(Tr. at 951).
Thorpe, an employee of Octopus Diving from April to July
2016, credibly testified that after Ms. Davies left St.
Martin, he witnessed Mr. Davies kick one of their dogs
causing the dog to fly six to eight feet in the air.
cross-examination, Mr. Davies was confronted with emails he
had sent containing explicit threats of violence against
others. In one email, dated May 7, 2012, Mr. Davies told Ms.
Davies that their employee, Sven, should “look over his
shoulder every five minutes wondering who's going to beat
the fuck out of him.” (Tr. at 1233). About one customer
who left a bad review about Octopus Diving on TripAdvisor, he
emailed Ms. Davies on February 6, 2012, “the point is
that this cunt came here with one intent, to fuck us. So eye
for an eye, tooth for a tooth, I'm coming for ya. He will
pay.” (Id. at 1239).
Mr. Davies presented very little evidence to counter that
presented by Ms. Davies. He called Angie Witteveen, a
current employee of Octopus Diving, who testified
she never witnessed the parties argue and never witnessed Mr.
Davies act inappropriately toward K.D. The Court found this
witness credible, but found her testimony of limited
probative value. In particular, Witteveen works on the Dutch
side of the business, so she had fewer opportunities to
observe the parties together and with K.D. Also, she has an
interest in keeping her current job with Mr. Davies, so while
the Court credits her testimony, it nonetheless notes she has
a personal reason for testifying on Mr. Davies's behalf.
Davies also called Delphine Stervinou, who is the director of
the school K.D. attended in St. Martin. She testified she
observed Mr. Davies come regularly either to drop K.D. off at
school or to pick him up from school. She testified K.D. was
glad to see both of his parents when one or the other picked
him up from school. However, she also testified she had very
limited interaction with the parents; she was not K.D.'s
teacher and she did not see either party or K.D. outside the
confines of the school. Therefore, although Stervinou was a
credible witness, her testimony was of very limited probative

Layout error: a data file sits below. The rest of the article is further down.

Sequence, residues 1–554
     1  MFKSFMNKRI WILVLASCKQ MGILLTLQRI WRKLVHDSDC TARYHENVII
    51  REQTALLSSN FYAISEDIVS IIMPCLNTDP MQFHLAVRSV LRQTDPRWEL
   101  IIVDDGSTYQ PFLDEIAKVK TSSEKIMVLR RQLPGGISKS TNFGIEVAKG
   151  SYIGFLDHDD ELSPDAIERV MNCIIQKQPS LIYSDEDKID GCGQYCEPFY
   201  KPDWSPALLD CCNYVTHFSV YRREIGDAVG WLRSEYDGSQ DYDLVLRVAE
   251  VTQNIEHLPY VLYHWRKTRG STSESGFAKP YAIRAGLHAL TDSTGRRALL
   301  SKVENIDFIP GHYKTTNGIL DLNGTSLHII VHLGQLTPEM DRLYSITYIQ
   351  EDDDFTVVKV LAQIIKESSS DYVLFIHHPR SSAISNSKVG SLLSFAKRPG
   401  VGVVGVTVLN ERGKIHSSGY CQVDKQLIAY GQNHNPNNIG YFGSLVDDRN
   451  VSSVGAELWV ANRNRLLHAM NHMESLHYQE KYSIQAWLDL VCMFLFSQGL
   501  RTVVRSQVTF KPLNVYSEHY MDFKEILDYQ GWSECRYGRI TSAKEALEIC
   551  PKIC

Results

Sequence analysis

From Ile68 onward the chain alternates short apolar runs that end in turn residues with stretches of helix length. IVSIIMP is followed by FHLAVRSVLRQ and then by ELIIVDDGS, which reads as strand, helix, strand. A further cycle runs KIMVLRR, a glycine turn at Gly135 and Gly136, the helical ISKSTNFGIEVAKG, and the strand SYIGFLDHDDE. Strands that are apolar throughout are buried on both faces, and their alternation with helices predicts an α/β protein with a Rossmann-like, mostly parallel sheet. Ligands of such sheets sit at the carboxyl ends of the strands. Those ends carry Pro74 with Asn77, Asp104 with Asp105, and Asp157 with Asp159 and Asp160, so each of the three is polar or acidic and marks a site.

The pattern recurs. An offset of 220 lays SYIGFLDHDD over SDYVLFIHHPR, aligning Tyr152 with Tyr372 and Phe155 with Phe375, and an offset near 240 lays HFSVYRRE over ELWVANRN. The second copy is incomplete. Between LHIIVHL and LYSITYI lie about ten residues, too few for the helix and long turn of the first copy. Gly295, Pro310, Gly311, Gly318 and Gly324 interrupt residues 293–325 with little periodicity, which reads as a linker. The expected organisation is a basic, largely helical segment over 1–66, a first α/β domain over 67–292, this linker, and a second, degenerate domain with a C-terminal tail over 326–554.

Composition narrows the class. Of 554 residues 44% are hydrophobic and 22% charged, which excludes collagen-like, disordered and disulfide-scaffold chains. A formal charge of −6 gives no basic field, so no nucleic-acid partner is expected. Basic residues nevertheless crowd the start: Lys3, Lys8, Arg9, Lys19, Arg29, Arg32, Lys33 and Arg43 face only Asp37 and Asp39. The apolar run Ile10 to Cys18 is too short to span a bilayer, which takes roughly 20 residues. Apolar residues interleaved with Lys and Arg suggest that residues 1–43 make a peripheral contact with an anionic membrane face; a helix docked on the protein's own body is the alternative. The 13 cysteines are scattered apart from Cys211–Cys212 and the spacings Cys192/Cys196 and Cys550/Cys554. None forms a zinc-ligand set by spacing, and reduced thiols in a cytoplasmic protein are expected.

value on the issues central to this case.
same is true of Josette Sanon, the parties' housekeeper
and babysitter whom Mr. Davies also called as a witness at
trial. She testified she did not see anything troubling about
the interactions between Mr. Davies and either Ms. Davies or
K.D. However, her observations of interactions between the
parties were limited. When asked whether she ever heard Mr.
Davies yell under any circumstances, she responded,
“No, because he was not at home very often. He leaves
early and he comes back late.” (Tr. at 1035). Sanon
said she did not see any bruising on either K.D. or Ms.
Davies, but that is also of limited relevance, as the
allegations of abuse here are primarily psychological in
nature. Accordingly, the Court accepts Sanon's testimony
as substantially true, but does not find it to be
the parties stipulated regarding what Richard J. Torrisi
would have said had he been called to testify at trial.
Torrisi supervised a visitation between Mr. Davies and K.D.
that took place in and around Croton-on-Hudson on November
19, 2016 (during the trial of this case). Among other things,
Torrisi observed Mr. Davies “show[ing] a lot of
patience in helping K.D.” assemble a toy truck, and
observed K.D. tell Mr. Davies he wanted to return to St.
Martin, and cry when he was being returned to his
mother's care after the visitation. (PX 64). The Court
finds this testimony ...